“I’ve already laid what we’re doing the rest of May, June and July, when we’re in there and on what days we’re doing what,” Donovan said. “Once August comes, you better be ready because then it’s going to be non-stop. We’ll be in the thick of camp and all that stuff, so you’ve got to get a lot done before then.”
That planning is based around an offensive identity that began to emerge by the end of spring drills. Donovan and Franklin saw enough in 15 days of practice to get a handle on what the Penn State offense can handle this fall, no matter who’s the X and who’s the O.
“I think we have our base stuff down,” Donovan said. “We have a good idea of what we have. Do we have a great idea of what we’re going to do a majority of the time? No, probably not. I think that’s the beauty of having a lot of different positions and a lot of different personnel.
“If you can be unpredictable from week-to-week, that gives you an advantage. But if you do something really well and you do it consistently even though they know you’re doing it, you roll with it. I think we’ve done a good job considering where we’ve been. We have our base stuff and we do certain things over it each week. But we get fairly creative as far as how we present it each week.”
GENO COULD MAKE IT GO
For Penn State’s passing game, a big chunk – the biggest, perhaps – of that creativity will be based on Geno Lewis. The Nittany Lion sophomore wide receiver is from Wilkes-Barre, where his Wyoming Valley High School is a 10 minute drive from Genetti’s, where Donovan and Co. stopped on the caravan last week.
Lewis had 18 receptions for 234 yards, for a 13.0-yard average, with three touchdowns in 2013. He wasn’t used very economically, though, as 14 of those grabs came in four games. Lewis came up big in the season finale against Wisconsin, however, catching three Hackenberg passes for 92 yards and two TDs. The A-to-Z list of other Nittany Lion wide receivers that had a catch in 2013 and are back in 2014 is a short one, including only sophomore Richy Anderson (13-136, 10.5) and junior Matt Zanellato (4-53, 13.2). Neither caught a TD pass.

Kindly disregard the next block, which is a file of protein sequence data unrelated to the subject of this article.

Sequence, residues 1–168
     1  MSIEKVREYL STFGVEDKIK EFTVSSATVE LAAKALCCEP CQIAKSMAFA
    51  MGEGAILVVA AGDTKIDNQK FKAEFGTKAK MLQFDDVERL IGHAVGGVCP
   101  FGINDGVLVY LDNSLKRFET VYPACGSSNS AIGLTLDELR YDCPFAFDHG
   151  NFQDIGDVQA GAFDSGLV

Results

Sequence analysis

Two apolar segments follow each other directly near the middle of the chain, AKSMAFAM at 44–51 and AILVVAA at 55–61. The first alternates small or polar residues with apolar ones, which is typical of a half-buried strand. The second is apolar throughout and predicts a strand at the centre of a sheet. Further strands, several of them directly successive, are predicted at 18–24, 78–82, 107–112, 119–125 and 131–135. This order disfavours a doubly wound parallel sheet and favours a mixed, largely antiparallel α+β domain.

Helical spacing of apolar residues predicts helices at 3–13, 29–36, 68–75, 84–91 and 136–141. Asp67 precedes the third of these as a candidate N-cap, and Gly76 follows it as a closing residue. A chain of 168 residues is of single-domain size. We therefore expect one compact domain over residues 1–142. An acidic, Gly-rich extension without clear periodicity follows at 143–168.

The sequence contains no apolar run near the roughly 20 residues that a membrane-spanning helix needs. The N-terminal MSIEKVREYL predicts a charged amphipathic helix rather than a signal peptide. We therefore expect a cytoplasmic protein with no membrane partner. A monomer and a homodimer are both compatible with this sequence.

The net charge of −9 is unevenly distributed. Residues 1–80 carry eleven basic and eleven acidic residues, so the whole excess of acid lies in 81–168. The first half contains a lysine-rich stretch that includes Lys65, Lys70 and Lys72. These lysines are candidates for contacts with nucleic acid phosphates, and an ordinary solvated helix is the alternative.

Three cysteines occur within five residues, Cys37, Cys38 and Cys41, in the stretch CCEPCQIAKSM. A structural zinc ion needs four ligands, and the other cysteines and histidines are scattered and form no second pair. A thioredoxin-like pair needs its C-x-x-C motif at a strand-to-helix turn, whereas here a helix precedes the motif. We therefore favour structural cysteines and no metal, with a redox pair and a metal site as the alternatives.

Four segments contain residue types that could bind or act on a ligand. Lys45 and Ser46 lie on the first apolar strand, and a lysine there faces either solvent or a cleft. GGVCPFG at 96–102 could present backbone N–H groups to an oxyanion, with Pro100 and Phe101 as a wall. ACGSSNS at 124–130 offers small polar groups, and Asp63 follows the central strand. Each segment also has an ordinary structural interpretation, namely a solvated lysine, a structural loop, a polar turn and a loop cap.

“Geno is a great kid. He’s an awesome kid,” Donovan said. “He has great leaping ability, great hands. Those are the two things that stand out as far as him playing. He catches everything. He can go up and get it strong. He’s got to have a good year for us. He’s one of the guys we’re counting on, that’s for darn sure.”
Donovan is also doing some counting with the offensive line – which faces injury, depth and inexperience issues. He’s not sure who he or O-line coach Herb Hand will be able to count on when the season opens Aug. 30 vs. Central Florida in Dublin, Ireland.
“Well, you’ve got to play with five, that’s for sure,” Donovan deadpanned. “As far as a group and who’s going to be where, we might not know just yet. Some other positions might be a little bit easier to figure out. As far as that position goes, we have an idea, based off of what we saw, of what we’re probably going to be able to do. Who’s going to actually be doing it, we’re maybe not sure yet.”
Sounds like it may take some voodoo … economics.